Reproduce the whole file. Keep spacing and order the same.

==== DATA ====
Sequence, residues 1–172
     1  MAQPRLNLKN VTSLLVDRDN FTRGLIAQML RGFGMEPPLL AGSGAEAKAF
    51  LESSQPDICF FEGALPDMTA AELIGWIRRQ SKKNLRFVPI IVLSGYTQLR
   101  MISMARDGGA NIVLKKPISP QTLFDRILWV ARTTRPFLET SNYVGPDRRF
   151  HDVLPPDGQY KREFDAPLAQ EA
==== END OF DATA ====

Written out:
Sequence, residues 1–172
     1  MAQPRLNLKN VTSLLVDRDN FTRGLIAQML RGFGMEPPLL AGSGAEAKAF
    51  LESSQPDICF FEGALPDMTA AELIGWIRRQ SKKNLRFVPI IVLSGYTQLR
   101  MISMARDGGA NIVLKKPISP QTLFDRILWV ARTTRPFLET SNYVGPDRRF
   151  HDVLPPDGQY KREFDAPLAQ EA